We aren’t done with weather…
On November 27th, 2016, the TC Mouras series, a lower tier series feeding into the Turismo Carretera, a stock car series which serves as the highest level series in Argentina, was running a race at the Concepcion Del Uruguay circuit when a storm struck. The storm quickly grew worse, with heavy rain and lightning every which way. To make things even worse, a tornado touched down.
With the safety car out, the drivers pulled to the side of the track and sought cover. The tornado’s gusts measured to about 65mph, more than enough to damage the track’s facilities. In the nearby town, the tornado damaged the water facilities and power stations, knocking out those utilities for the next couple hours. During the storm, a rainfall of about two inches in two hours was recorded. Thankfully, despite the twister and extremely heavy rain, no one was badly injured in the storm. The race eventually resumed a few days later.
08. BAS SCHOUTEN’S SABOTAGE (2016, TCR GERMANY, ZANDVOORT)
RANK ON PREVIOUS LIST: 9TH
Okay, that’s just really selfish.
During a TCR Germany touring car race at Zandvoort in 2016, Dutchman Bas Schouten’s SEAT collided with a fellow competitor’s Volkswagen right out of the gate, damaging the suspension of the car and taking him out of the race. Schouten appears to have believed his car could continue after repairs, and was not pleased with Zandvoort’s officials dragging the car on its damaged suspension from the starting area, where he had crashed, to pit exit, which, admittedly, certainly made things worse. Apparently, officials also told him that he’d have to either have his car wheeled back or get a flatbed himself. Out of anger, Schouten told his team to put the car on a jack and leave it at pit exit, which is exactly what they did. With the medical car unable to access the circuit due to Schouten’s car being in the way, the red flag was flown. Schouten was ejected from the circuit, and the race was eventually resumed, though due to the lack of time to run many more laps, it only gave half points. Schouten would be excluded from race one and did not start race two.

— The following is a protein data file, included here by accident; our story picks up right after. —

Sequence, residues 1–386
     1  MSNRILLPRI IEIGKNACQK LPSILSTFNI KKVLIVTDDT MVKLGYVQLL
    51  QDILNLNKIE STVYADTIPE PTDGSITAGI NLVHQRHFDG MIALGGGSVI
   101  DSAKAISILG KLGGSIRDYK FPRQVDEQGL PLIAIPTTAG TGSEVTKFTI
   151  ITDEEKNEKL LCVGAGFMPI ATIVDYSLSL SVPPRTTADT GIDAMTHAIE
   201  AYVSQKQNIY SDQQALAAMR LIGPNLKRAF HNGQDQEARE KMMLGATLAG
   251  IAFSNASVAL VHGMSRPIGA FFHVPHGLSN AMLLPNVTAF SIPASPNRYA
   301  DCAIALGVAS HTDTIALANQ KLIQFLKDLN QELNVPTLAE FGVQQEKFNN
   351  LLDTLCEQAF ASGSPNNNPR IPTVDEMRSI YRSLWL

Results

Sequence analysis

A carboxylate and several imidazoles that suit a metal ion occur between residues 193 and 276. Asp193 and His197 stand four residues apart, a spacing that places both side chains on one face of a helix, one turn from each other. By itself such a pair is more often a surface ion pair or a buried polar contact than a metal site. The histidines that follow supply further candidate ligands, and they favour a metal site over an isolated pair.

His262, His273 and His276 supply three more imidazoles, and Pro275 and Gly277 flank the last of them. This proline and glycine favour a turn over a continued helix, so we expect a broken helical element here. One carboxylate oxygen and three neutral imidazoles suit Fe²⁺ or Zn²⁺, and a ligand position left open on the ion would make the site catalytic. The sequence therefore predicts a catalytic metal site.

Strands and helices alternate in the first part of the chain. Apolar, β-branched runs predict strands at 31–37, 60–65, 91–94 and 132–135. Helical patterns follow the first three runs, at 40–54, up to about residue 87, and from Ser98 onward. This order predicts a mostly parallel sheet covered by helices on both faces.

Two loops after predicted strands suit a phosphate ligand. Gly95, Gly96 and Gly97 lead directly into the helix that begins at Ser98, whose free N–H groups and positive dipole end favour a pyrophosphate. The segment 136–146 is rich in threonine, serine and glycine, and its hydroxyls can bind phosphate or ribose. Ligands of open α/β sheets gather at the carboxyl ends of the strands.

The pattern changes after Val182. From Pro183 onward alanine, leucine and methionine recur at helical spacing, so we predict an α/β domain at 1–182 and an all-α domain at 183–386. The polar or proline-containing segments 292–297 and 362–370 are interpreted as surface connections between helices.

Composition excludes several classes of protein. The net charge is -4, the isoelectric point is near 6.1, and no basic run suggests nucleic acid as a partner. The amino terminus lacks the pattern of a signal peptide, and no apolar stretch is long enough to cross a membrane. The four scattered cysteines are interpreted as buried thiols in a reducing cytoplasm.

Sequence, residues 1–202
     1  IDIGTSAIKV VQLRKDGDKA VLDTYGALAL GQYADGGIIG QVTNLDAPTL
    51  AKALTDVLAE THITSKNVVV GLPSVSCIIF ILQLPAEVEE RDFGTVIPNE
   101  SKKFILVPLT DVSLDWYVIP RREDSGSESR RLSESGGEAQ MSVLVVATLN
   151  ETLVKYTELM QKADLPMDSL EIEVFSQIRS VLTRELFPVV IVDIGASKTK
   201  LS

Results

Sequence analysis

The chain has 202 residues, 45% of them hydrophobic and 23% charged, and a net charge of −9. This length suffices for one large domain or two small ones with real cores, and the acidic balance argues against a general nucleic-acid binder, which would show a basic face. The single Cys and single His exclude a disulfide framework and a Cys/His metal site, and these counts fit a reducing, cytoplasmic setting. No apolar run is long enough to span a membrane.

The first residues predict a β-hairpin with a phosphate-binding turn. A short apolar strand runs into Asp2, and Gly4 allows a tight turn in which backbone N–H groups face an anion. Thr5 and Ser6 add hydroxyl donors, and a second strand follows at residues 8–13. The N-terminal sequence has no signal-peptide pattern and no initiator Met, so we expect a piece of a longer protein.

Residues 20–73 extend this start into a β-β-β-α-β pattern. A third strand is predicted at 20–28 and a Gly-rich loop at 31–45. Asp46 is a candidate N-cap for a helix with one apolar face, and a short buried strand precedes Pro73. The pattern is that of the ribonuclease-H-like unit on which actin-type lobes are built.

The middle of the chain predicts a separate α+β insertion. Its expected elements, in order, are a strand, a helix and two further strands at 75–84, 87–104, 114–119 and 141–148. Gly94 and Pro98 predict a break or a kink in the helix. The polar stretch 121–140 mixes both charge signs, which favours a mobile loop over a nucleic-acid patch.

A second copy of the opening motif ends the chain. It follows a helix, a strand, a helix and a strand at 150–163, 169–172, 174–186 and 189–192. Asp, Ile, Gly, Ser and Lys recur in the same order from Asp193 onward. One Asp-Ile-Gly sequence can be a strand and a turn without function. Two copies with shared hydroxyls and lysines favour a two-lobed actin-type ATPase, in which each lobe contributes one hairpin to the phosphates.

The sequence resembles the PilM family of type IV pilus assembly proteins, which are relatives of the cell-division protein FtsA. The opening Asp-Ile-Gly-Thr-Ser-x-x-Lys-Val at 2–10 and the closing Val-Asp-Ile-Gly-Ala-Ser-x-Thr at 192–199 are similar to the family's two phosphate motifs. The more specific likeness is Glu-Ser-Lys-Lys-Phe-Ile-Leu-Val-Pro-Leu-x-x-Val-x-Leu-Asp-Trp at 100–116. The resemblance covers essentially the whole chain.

I have never seen that sort of sabotage and bitterness during a race…
07. TAKI INOUE (1995, F1, MONACO/HUNGARY)
RANK ON PREVIOUS LIST: 5TH
Formula One driver Taki Inoue really didn’t have a very good 1995.
During the season, he was struck by the course car not once, but twice. First up was at Monaco during practice. The Footwork suffered a failure, and a flatbed lorry started taking him back to the pits, with a towrope towing the car behind it and its nose just atop the flatbed itself. Out of nowhere, the safety car, a Renault Clio who according to autosport was driven by Jean Ragnotti, a rallyman, with current FIA President Jean Todt in the passenger seat, rounded the corner and struck the Footwork in the back. The crash lifted the footwork up and sent it onto its lid. Taki had undone his belts and his helmet, though he still kept his helmet on. The crash ended up dumping him partially out of the car, dealing him a concussion and several other injuries. The FIA reviewed the incident and blamed neither Ragnotti or Inoue, and said that they would negotiate damages with Footwork. Inoue was allowed to use his second car in qualifying, but he chose to skip qualifying and only run the race itself, which didn’t last very long as the Footwork blew up early on.
Things only got worse for Inoue at the Hungaroring later that year. The car caught fire during the race and he pulled to the side of the road, looking to fetch a fire extinguisher. Once he found one, he ran back, failing to notice the presence of an approaching course car. Oops.
Inoue is retired now, and he’s more than willing to make fun of himself on social media.
06. TREE FALLS OVER (2010, BATHURST 12H, BATHURST)